Dealing with disputes.Byline: By Simon Lewis
Many years ago, Parliament included in a portfolio piece of legislation some clauses dealing with construction contracts.
This was the Housing Grants, Construction and Regeneration Act 1996 and, among other things, it made adjudication The legal process of resolving a dispute. The formal giving or pronouncing of a judgment or decree in a court proceeding; also the judgment or decision given. The entry of a decree by a court in respect to the parties in a case. a statutory right.
Adjudication is the method by which disputes arising under construction contracts can be determined.
Adjudication was supposed to be quick and temporary ( a way of getting most of the right cash into the right pocket pending a full-blown dispute later on, be that in the courts or in front of an arbitrator.
At about the same time, the Arbitration Act 1996 arrived. This Act comprehensively revised previous legislation in relation to arbitration.
Most people, however, were more interested in adjudication. Arbitration was often overlooked.
At the same time that all this was happening, the construction industry began to appreciate the benefits of mediation ( a facilitated negotiation process designed to enable the parties to do a deal rather than spend huge amounts of time and money arbitrating or going all the way to trial.
So how did these changes affect dispute resolution in the construction industry?
Given that the principle of evolution applies as equally to disputes as to anything else, how have these processes evolved in the decade since they were introduced?
Analysing the work undertaken by the dispute resolution team in the construction and engineering group at Dickinson Dees LLP LLP - Lower Layer Protocol , it is clear that the landscape is very different from that which was familiar in the early 1990s.
Then, we were all used to dealing with large pieces of litigation An action brought in court to enforce a particular right. The act or process of bringing a lawsuit in and of itself; a judicial contest; any dispute.
When a person begins a civil lawsuit, the person enters into a process called litigation. and arbitrations likely to take years to resolve. Nowadays, the bulk of our work is either adjudicating or mediating or, sometimes, one after the other.
We undertake about 80 adjudications ADJUDICATIONS, Scotch law. Certain proceedings against debtors, by way of actions, before the court of sessions and are of two kinds, special and general.
2.-1. By statute 1672, c. a year, and somewhere in the region of 20 mediations.
What happened to arbitration? The problem is that arbitrations have a habit of looking a bit like full-blown litigation ( something to be avoided.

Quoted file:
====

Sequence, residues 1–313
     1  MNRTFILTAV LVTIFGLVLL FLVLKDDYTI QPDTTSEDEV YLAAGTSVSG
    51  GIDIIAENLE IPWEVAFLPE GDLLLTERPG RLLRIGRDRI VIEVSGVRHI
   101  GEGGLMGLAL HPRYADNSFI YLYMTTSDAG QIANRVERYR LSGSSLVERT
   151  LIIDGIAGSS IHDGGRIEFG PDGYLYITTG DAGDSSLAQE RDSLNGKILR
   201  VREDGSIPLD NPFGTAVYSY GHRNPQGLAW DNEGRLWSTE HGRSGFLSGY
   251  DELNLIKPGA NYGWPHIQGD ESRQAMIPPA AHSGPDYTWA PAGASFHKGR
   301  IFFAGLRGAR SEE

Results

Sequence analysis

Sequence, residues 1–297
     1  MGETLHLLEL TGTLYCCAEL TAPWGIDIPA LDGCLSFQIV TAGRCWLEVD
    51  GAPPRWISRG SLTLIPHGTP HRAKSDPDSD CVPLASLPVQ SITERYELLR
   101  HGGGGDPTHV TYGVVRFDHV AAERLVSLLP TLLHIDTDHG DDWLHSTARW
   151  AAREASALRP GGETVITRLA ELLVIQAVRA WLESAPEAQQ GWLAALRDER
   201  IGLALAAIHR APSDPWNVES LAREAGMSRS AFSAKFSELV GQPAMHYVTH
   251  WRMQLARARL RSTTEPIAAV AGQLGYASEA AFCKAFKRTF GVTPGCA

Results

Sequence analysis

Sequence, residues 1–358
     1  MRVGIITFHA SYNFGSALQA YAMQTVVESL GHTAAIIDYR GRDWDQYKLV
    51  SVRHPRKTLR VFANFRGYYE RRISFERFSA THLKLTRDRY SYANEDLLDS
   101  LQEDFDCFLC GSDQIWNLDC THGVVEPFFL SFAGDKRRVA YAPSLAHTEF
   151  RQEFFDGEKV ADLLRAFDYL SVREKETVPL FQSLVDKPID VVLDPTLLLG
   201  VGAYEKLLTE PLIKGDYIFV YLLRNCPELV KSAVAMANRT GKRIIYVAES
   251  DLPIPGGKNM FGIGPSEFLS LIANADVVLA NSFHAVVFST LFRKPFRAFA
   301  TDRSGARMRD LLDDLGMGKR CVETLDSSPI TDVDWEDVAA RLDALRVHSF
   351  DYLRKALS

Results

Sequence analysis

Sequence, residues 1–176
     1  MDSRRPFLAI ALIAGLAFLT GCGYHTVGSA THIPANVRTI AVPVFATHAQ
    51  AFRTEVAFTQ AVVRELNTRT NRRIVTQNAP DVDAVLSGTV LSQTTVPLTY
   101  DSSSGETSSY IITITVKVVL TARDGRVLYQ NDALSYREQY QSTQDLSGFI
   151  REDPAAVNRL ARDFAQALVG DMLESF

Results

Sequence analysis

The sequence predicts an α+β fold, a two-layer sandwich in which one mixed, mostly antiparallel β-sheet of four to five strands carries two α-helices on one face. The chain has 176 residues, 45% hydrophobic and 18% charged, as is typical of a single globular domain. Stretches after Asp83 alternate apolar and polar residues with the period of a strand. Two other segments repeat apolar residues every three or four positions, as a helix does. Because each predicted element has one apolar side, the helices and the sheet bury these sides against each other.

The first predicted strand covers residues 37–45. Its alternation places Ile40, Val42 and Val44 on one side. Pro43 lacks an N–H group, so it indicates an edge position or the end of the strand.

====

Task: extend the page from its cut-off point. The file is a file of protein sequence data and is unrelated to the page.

So, the wise men and women of the Chartered Institute of Arbitrators realised that they needed to start reminding people that, in fact, arbitrations could be almost as quick as adjudications, and certainly more flexible. In addition, the judges in the construction courts began to spend their time resolving arguments about the adjudication process.
One of the consequences of this was to incorporate principles about procedural fairness ( giving both sides a chance to present their case and making sure that the adjudicator ad·ju·di·cate
v. ad·ju·di·cat·ed, ad·ju·di·cat·ing, ad·ju·di·cates
1. To hear and settle (a case) by judicial procedure.
2. acted impartially. These principles also apply to litigation and arbitration.
In short, although it wasn't supposed to be this way in the beginning, adjudication began to resemble a sort of mini- arbitration.
This trend is heightened by the fact that adjudications are tending to get bigger and more complex and take longer to complete.
At the same time, arbitrations are becoming, at least, potentially quicker and more streamlined. Will the two meet somewhere in the middle?
So where next? Evolution moves in mysterious ways ( consider the duck-billed platypus platypus (plăt`əpəs), semiaquatic egg-laying mammal, Ornithorhynchus anatinus, of Tasmania and E Australia. Also called duckbill, or duckbilled platypus, it belongs to the order Monotremata (see monotreme), the most primitive group . It is quite possible that adjudication will come to resemble arbitration in many respects.
Maybe mediation will become more regulated and, with the possibility that construction court judges will act as mediators on a more regular basis, we may see changes to that process as well.
For the construction industry client faced with this bewildering be·wil·der
tr.v. be·wil·dered, be·wil·der·ing, be·wil·ders
1. To confuse or befuddle, especially with numerous conflicting situations, objects, or statements. See Synonyms at puzzle.
2. choice of dispute resolution options, my advice is what you would expect ( consult a lawyer first.
Simon Lewis is partner in the construction and engineering group at Dickinson Dees LLP. Contact Simon at email@example.com.